Archive | August, 2016

Gender and the Rhetoric of Modernity in Spanish America, 1850–1910

“Whether considering public or private spaces, domesticity, work, or education, this book provides sophisticated readings of a broad range of narratives that illustrate the tensions brought about in discussions of gender and its relation to modernity in Spanish America.”–Fernando Unzueta, author of La imaginación histórica y el romance nacional en Hispanoamérica “A key resource for […]

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Charleston

“An amazing book, representing years of work and dozens of excavations and presenting a continuous chronology of a colonial city from the seventeenth to the nineteenth century. No other city in America has this kind of archaeological record.”–Nan A. Rothschild, coauthor of The Archaeology of American Cities “A must-read for those interested in food and […]

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Ritual and Archaic States

“An important addition to our understanding of early states. The contributors amply demonstrate through their fresh insights how crucial ritual is to statecraft in the Old and New Worlds.”–Peter N. Peregrine, coeditor of Ancient Human Migrations “Essential and fascinating. This book more than any other before brings the subject of ritual and polity of archaic […]

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Southeast Inka Frontiers

“An important contribution to the study of ancient empires and processes of imperial expansion through an in-depth study of the southeastern Inka frontier in current-day Bolivia.”–Elizabeth N. Arkush, author of Hillforts of the Ancient Andes: Colla Warfare, Society, and Landscape “A fascinating case study of interactions on an imperial frontier in a region that is […]

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Michael Calabrese and his students, engaged with class outside during a fire drill.

Teaching a Medieval Poem in East Los Angeles

Written by Michael Calabrese, author of An Introduction to Piers Plowman . You’ve heard of Chaucer. But do you know Piers Plowman? Let me introduce this marvelous medieval epic: written by William Langland, Piers Plowman is a long allegorical poem from the late 14th century, chronicling the dreams and wanderings of a man named “Will”—the […]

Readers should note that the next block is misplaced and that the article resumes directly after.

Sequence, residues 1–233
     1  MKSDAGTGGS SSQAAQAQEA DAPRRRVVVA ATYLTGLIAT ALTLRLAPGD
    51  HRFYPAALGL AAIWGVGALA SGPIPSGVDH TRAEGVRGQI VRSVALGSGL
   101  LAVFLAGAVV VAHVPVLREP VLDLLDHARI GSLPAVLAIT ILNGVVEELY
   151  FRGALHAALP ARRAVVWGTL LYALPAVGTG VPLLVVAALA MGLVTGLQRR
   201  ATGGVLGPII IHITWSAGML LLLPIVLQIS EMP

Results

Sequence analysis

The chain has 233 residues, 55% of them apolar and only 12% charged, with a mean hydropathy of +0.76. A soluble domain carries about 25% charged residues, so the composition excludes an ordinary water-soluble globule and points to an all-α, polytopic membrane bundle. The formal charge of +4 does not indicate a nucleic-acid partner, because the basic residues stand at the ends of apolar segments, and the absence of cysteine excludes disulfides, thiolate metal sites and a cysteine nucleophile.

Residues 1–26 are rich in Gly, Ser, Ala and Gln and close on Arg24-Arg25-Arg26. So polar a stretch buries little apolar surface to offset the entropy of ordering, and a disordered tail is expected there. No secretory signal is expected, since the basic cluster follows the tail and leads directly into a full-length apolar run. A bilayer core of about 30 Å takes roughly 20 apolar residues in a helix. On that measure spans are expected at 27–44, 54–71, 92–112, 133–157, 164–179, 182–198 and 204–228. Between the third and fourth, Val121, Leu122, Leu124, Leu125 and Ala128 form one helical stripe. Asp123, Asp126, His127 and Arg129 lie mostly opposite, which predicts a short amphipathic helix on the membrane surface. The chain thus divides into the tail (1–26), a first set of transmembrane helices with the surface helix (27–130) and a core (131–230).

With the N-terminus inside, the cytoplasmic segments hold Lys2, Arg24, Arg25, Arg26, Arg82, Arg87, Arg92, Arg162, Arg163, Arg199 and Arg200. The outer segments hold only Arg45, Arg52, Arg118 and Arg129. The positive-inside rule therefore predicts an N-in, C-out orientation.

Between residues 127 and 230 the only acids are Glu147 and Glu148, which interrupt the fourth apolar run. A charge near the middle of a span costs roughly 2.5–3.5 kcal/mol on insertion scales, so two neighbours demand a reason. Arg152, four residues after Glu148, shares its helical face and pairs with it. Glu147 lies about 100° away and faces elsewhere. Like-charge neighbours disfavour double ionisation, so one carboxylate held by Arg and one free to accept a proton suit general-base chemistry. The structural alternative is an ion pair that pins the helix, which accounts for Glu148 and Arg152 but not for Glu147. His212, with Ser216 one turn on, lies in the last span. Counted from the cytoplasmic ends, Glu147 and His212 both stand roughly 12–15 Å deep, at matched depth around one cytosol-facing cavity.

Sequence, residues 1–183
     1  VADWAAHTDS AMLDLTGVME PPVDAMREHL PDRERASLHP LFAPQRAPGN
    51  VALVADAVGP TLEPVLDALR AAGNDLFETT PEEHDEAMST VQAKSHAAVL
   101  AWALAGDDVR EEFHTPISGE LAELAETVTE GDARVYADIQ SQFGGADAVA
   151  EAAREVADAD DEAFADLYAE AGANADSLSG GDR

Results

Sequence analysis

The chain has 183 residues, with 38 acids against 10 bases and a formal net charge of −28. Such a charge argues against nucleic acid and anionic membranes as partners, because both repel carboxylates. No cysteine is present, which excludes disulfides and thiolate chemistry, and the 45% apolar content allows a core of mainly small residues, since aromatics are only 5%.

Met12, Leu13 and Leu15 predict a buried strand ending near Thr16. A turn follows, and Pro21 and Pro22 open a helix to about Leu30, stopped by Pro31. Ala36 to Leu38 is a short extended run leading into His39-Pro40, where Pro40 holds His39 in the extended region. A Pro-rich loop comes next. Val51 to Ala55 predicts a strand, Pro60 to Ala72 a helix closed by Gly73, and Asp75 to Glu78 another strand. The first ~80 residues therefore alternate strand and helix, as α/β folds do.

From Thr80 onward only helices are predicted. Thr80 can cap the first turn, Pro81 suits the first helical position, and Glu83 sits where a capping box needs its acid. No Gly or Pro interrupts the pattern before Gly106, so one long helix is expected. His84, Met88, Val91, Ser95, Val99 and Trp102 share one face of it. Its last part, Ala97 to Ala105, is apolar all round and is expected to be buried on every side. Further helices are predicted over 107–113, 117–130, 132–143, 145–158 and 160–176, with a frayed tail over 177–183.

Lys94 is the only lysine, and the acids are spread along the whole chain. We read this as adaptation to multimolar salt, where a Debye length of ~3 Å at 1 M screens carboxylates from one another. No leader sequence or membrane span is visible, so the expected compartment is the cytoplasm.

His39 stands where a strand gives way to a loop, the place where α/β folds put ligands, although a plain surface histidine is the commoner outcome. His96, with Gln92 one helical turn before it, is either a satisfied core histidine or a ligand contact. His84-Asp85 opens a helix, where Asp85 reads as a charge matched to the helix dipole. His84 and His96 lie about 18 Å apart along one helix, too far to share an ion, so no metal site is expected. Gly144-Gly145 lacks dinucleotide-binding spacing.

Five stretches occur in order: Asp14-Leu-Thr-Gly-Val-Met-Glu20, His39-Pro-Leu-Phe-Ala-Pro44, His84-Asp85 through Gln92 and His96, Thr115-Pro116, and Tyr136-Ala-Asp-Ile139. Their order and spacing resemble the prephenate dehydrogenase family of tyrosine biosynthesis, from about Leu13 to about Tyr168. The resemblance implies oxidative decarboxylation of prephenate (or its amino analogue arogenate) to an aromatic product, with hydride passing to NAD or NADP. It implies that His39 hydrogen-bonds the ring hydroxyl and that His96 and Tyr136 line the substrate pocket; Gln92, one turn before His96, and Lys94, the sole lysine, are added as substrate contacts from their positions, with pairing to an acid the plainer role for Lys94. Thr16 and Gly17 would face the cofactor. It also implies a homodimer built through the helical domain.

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An Introduction to Piers Plowman

“A comprehensive and witty guide to understanding Piers Plowman in all its versions and a manifesto for the pure intellectual pleasure to be had from reading the text as it dynamically unfolds in each of the poet’s reworkings.”–Sarah Wood, author of Conscience and the Composition of Piers Plowman “By innovatively working through all three of […]

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Shaping Terrain

“Takes us on a journey throughout Latin America, highlighting different stories of adaptation to the wondrous American landscape: stories of cities being shaped by major infrastructure projects, cities coping with the pressures of informality and unchecked growth, and cities searching for their identity by looking at their pre-Columbian past while embracing modernity on their own […]

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Nancy Tribble Benda wears the Mr.Peabody tail she was fitted for in Hollywood, 1948. In the beginning, Weekiwachee was one word, but Newt Perry decided to split it into two words so it could fit on signs more easily. By permission of Nancy Tribble Benda.

Weeki Wachee Mermaids

Weeki Wachee Mermaids: Thirty Years of Underwater Photography by Lu Vickers and Bonnie Georgiadis features rare vintage photographs, postcards, and publicity shots from the spring where famous mermaids—in actuality, highly trained swimmers and divers—performed underwater. Today, Burrow Press is featuring this excerpt of Weeki Wachee Mermaids as part of their Fantastic Floridas project. It features portions from Bonnie Georgiadis’s essay “What the Mermaid […]

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Paddling to Werowocomoco: Powhatan History Before Pocahontas

I realized that landscape—the spaces where we dwell, the places we recognize, and the pathways in between—offered a way to tie the Werowocomoco excavations to this deep history. In this special guest post, anthropologist Martin Gallivan tells us about a kayaking adventure with his son that inspired him to write a new book about the […]

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NationalBookLoversDay

Happy National Book Lovers Day!

It’s a rainy day here in Florida, the perfect kind of day for reading a good book. And guess what—it’s National Book Lovers Day! Here are some great reads from our spring/summer season. E. G. Barnhill: Florida Photographer, Adventurer, Entrepreneur by Gary Monroe Music Everywhere: The Rock and Roll Roots of a Southern Town by Marty Jourard Returning North with the […]

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